Hadoop HDFS
  1. Hadoop HDFS
  2. HDFS-4697

short-circuit reads do not honor readahead settings

    Details

    • Type: Bug Bug
    • Status: Open
    • Priority: Minor Minor
    • Resolution: Unresolved
    • Affects Version/s: 2.0.3-alpha
    • Fix Version/s: None
    • Component/s: hdfs-client
    • Labels:
      None

      Description

      Neither the new nor the legacy short-circuit read implementations honor dfs.datanode.readahead.bytes. This can result in scenarios where non-short-circuit reads are faster for long reads, simply because they are doing more readahead, and SCR is not. We should do readahead in both cases if it is configured.

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          Hide
          Liang Xie added a comment -

          If that's true, the sequence read in HBase, e.g. large scan is suboptimal, right? nice finding!

          Show
          Liang Xie added a comment - If that's true, the sequence read in HBase, e.g. large scan is suboptimal, right? nice finding!
          Hide
          Kihwal Lee added a comment -

          The OS-level readahead will happen even without this for most sequential reads. The fadvise done by manageOsCache() helps triggering OS readahead, which may not happen for slow small reads. The gap between reads are worse for remote reads and that's where manageOsCache() would help most. It does not, however, prolong the lifetime of cached data, so if the reader is slow and the memory pressure is high, the data may get thrown away before the reader gets to it. In such cases, it may actually lower the overall system throughput by causing extra reads.

          I agree that this needs to be fixed, but am also curious how much performance improvement can be obtained for short-circuit reads. If we have important use cases for the precise control of caching and disk activities, aio + direct i/o can be used. What are the common and performance-critical access patterns of hbase? All I know from old days is that it does a lot of random reads of about 64KB.

          Show
          Kihwal Lee added a comment - The OS-level readahead will happen even without this for most sequential reads. The fadvise done by manageOsCache() helps triggering OS readahead, which may not happen for slow small reads. The gap between reads are worse for remote reads and that's where manageOsCache() would help most. It does not, however, prolong the lifetime of cached data, so if the reader is slow and the memory pressure is high, the data may get thrown away before the reader gets to it. In such cases, it may actually lower the overall system throughput by causing extra reads. I agree that this needs to be fixed, but am also curious how much performance improvement can be obtained for short-circuit reads. If we have important use cases for the precise control of caching and disk activities, aio + direct i/o can be used. What are the common and performance-critical access patterns of hbase? All I know from old days is that it does a lot of random reads of about 64KB.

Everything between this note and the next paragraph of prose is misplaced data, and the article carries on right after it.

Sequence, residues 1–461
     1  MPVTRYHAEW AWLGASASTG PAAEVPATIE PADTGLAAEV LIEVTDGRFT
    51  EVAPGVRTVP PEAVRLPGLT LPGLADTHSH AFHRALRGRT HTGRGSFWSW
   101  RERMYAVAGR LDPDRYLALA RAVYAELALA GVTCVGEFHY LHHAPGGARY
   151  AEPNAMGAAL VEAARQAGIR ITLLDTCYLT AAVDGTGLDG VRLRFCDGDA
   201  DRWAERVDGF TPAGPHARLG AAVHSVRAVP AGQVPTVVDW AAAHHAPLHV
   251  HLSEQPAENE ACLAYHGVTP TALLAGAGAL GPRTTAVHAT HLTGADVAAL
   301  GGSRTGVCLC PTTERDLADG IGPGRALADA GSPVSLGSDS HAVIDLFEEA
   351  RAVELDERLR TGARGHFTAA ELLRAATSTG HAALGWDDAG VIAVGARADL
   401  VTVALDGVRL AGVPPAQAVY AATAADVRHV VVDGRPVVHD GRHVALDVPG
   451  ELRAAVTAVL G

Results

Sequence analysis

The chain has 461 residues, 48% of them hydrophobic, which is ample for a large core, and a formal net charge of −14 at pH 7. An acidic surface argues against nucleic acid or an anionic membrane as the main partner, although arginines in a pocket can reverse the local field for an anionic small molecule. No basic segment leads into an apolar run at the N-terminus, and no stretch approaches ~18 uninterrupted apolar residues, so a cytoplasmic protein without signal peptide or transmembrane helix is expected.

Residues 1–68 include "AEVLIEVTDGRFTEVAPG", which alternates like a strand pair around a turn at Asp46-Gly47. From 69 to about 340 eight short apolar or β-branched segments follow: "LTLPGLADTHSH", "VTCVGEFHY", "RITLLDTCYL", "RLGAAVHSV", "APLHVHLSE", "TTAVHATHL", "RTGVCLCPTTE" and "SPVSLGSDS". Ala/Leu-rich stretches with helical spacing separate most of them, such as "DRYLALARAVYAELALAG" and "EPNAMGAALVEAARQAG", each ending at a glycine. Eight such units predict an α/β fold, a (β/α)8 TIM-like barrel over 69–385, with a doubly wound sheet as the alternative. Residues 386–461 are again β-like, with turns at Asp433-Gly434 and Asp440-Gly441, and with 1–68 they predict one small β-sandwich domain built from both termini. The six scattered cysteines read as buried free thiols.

Hide
          Colin Patrick McCabe added a comment -

          It is certainly true that the OS does some readahead of its own. However, we found that doing manual readahead provided a performance boost in many scenarios, especially ones involving long sequential reads. That's why the Datanode currently does readahead by default. These settings should be honored when using short-circuit local reads, so that the behavior is consistent and configurable.

          Most of HBase's reads are random reads. Readahead will not benefit random reads. The current readahead code in the DN will not do readahead when small, random reads are being done, and we should follow suit in BlockReaderLocal. I do think HBase will see some benefit when doing long scans, and doing compactions.

          As you mentioned, it's true that readahead is not always a win when memory pressure is extremely high. However, when memory pressure is so high that sections that got read ahead have to be purged prior to use, the system usually has other problems that make it unstable and essentially unusable, like the OOM killer triggering.

          Show
          Colin Patrick McCabe added a comment - It is certainly true that the OS does some readahead of its own. However, we found that doing manual readahead provided a performance boost in many scenarios, especially ones involving long sequential reads. That's why the Datanode currently does readahead by default. These settings should be honored when using short-circuit local reads, so that the behavior is consistent and configurable. Most of HBase's reads are random reads. Readahead will not benefit random reads. The current readahead code in the DN will not do readahead when small, random reads are being done, and we should follow suit in BlockReaderLocal . I do think HBase will see some benefit when doing long scans, and doing compactions. As you mentioned, it's true that readahead is not always a win when memory pressure is extremely high. However, when memory pressure is so high that sections that got read ahead have to be purged prior to use, the system usually has other problems that make it unstable and essentially unusable, like the OOM killer triggering.
          Hide
          Andrew Wang added a comment -

          Colin Patrick McCabe I think this was fixed by the BRL rewrite in HDFS-5634, are we good to close this out?

          Show
          Andrew Wang added a comment - Colin Patrick McCabe I think this was fixed by the BRL rewrite in HDFS-5634 , are we good to close this out?

            People

            • Assignee:
              Colin Patrick McCabe
              Reporter:
              Colin Patrick McCabe
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              Dates

              • Created:
                Updated:

                Development